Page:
British Property Tycoon Emerges as Investor in Alleged Art Scam
(Bloomberg) -- The British entrepreneur who built up property company Dawnay Day before it collapsed amid the global financial crisis may be encountering trouble with a more recent investment -- a share in a painting purchased from a high-flying art dealer now facing fraud charges.
Peter Klimt has asserted a 50% interest in a 1994 Rudolf Stingel painting based on a 2017 deal with Inigo Philbrick, according to a New York court filing last month by another claimant. In one of the biggest art-world scandals in recent memory, Philbrick in 2019 fled his London and Miami galleries for the South Pacific nation of Vanuatu before he was arrested in June on U.S. charges that he sold the same works to multiple buyers in a Ponzi-like scheme.
Klimt’s $1 million investment in the untitled work was raised in a lawsuit filed by Athena Art Finance Corp., a finance firm linked to billionaire George Soros which loaned money to Philbrick against the Stingel. Athena is now seeking a declaration from the court that there are no valid third-party title claims, including Klimt’s, impeding its rights to sell the painting.
Athena declined to comment. Alex Klimt, Peter’s son, declined to comment on behalf of the family. The painting is currently in Athena’s control in a secured facility in New York, according to court filings.
Klimt is one of multiple investors seeking to lay claim to paintings sold by Philbrick, who is currently being held in jail in New York ahead of a trial. Bloomberg previously revealed that British billionaire brothers David and Simon Reuben are behind Guzzini Properties Ltd., a company which claims ownership of another Stingel painting -- his 2012 untitled portrait of Picasso.
Similar to Athena, Guzzini filed a 2019 New York suit seeking a legal declaration that it’s the sole owner of the work, as well as an order for its return. The complaint, which didn’t mention the Reubens by name, claimed Guzzini had bought the Stingel painting from Philbrick in 2017, along with two other works, for $6 million. Guzzini consigned the work to Christie’s in New York where it fetched $6.5 million at auction.
A spokesman for the Reuben brothers declined to comment.
Philbrick, 33, was a rising star in the gallery world when questions began to emerge about many of his sales. According to federal prosecutors in New York, he was actually “a serial swindler” who ripped off collectors, investors and lenders to the tune of $20 million by selling the same works multiple times to different parties between 2016 and 2019. He also sometimes used the works as collateral on loans without disclosing that others had ownership interests in them.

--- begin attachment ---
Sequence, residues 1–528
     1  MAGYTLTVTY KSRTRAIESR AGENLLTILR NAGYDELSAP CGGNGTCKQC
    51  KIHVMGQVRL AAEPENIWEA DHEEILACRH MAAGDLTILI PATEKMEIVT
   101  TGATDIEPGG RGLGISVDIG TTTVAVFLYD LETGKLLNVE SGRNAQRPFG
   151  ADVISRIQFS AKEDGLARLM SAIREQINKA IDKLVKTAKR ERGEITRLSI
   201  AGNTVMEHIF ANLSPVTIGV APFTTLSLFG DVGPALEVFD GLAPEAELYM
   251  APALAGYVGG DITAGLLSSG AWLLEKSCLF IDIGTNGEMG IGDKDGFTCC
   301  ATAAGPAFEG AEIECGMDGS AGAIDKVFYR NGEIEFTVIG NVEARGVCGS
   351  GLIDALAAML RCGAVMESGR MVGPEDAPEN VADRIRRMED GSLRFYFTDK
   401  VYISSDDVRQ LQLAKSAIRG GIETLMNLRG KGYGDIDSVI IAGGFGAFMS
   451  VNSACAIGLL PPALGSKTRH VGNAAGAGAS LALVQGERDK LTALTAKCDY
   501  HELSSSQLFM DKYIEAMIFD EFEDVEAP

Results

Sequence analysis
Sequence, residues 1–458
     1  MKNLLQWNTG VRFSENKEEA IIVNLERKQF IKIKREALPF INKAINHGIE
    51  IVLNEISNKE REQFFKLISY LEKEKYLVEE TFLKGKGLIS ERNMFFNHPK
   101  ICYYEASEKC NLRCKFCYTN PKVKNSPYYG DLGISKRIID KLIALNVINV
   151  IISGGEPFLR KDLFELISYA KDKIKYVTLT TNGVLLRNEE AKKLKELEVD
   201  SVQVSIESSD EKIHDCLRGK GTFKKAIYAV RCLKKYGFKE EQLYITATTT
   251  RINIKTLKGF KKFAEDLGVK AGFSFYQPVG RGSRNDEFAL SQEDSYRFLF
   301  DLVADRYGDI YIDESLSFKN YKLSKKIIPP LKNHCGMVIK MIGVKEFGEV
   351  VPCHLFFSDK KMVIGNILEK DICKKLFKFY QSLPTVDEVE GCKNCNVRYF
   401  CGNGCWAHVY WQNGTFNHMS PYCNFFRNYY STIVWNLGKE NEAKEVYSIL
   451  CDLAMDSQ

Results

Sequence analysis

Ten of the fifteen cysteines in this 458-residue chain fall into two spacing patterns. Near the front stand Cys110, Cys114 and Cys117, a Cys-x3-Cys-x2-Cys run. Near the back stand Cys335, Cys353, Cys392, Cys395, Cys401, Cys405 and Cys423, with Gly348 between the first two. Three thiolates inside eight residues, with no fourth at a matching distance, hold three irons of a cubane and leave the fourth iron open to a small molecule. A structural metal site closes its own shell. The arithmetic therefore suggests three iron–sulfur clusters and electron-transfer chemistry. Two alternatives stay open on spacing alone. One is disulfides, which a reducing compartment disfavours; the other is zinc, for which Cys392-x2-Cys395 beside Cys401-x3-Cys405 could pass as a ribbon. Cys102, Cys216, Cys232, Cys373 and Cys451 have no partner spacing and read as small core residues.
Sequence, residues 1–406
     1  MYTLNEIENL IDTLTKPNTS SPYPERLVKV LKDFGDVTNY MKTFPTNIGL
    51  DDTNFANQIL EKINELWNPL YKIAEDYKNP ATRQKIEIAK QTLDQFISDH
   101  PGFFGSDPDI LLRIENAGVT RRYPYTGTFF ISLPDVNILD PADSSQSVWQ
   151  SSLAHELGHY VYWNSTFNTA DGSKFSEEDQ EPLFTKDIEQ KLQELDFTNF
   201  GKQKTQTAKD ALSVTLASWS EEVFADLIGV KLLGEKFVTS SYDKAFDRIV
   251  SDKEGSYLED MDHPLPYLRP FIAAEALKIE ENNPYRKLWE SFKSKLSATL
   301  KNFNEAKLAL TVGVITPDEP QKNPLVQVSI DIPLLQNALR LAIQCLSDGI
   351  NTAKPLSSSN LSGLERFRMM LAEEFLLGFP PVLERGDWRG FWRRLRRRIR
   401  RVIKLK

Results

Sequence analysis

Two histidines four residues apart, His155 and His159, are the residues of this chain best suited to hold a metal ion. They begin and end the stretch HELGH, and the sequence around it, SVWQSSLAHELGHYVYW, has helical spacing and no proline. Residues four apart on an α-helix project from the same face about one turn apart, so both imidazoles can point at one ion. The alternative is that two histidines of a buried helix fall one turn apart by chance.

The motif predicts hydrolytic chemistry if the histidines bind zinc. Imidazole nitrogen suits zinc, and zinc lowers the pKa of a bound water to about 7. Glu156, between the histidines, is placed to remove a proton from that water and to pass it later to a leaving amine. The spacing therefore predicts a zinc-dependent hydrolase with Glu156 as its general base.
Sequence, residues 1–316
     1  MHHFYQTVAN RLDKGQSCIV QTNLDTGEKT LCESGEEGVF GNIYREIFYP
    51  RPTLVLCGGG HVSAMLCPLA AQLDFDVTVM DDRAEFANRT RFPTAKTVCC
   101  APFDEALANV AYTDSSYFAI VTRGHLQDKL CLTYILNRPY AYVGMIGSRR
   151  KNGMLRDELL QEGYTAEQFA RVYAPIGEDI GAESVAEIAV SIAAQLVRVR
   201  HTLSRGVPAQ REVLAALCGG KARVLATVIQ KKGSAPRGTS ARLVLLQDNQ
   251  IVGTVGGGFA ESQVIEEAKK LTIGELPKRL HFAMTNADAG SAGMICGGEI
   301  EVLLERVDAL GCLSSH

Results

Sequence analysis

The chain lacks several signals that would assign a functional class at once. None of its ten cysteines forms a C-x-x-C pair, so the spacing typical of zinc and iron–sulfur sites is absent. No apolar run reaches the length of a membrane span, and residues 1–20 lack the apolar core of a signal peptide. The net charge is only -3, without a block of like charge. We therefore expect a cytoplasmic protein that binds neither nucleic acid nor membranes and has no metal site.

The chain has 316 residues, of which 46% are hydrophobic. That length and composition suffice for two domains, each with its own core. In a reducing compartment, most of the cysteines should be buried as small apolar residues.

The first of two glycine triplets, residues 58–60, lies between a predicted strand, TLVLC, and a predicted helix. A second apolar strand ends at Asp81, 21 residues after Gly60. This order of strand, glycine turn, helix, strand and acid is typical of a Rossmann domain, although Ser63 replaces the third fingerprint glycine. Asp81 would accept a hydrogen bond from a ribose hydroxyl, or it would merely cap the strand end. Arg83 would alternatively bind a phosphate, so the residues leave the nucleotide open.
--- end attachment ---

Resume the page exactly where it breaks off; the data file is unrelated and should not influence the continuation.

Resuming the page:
A lawyer for Philbrick didn’t respond to a request for comment.
The paintings Philbrick sold are at the center of a slew of lawsuits in New York, Miami and London. In addition to Guzzini, the 2012 Stingel is claimed by Satfinance Investment Ltd., which says it paid Philbrick $3.35 million for a 50% share in January 2016, and German art investment firm FAP GmbH, which says it agreed to buy the painting for $7.1 million in February 2016.
Among other artworks sold by Philbrick and now contested by investors is a $12.5 million painting by Jean-Michel Basquiat, a Yayoi Kusama installation sold to the Saudi royal family and a 2010 untitled painting by Christopher Wool.
At its zenith under Klimt and co-founder Guy Naggar, Dawnay Day owned a host of trophy properties including the Michelin-starred London restaurant The Wolseley and the Lygon Arms, a hotel in the Cotswolds where Oliver Cromwell stayed before the Battle of Worcester in 1651. Klimt and Naggar were well-known for their love of art with pieces like Lucian Freud’s “Benefits Supervisor Sleeping,” which was sold for more than $30 million in 2008, hanging on their London office walls.
Such expensive tastes were much remarked-upon after the financial crisis tipped the highly leveraged property company into collapse in 2009. Klimt is now a director at Welbeck Investment Management.
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